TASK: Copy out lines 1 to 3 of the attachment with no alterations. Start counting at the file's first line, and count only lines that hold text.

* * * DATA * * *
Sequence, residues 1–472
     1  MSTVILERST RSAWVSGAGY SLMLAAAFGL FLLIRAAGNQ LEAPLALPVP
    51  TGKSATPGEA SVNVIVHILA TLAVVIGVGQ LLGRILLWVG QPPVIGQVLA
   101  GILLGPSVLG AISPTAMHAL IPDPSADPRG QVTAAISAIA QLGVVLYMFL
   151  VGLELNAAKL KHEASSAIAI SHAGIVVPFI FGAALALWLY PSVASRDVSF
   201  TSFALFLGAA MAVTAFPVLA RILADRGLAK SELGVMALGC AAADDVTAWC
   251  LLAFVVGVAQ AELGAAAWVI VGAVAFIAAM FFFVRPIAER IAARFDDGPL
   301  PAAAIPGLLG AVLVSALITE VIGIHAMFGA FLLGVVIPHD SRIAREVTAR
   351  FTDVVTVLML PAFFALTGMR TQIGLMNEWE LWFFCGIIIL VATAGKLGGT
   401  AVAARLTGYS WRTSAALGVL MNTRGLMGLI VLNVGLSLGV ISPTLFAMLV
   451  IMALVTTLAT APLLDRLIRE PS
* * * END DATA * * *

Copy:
Sequence, residues 1–472
     1  MSTVILERST RSAWVSGAGY SLMLAAAFGL FLLIRAAGNQ LEAPLALPVP
    51  TGKSATPGEA SVNVIVHILA TLAVVIGVGQ LLGRILLWVG QPPVIGQVLA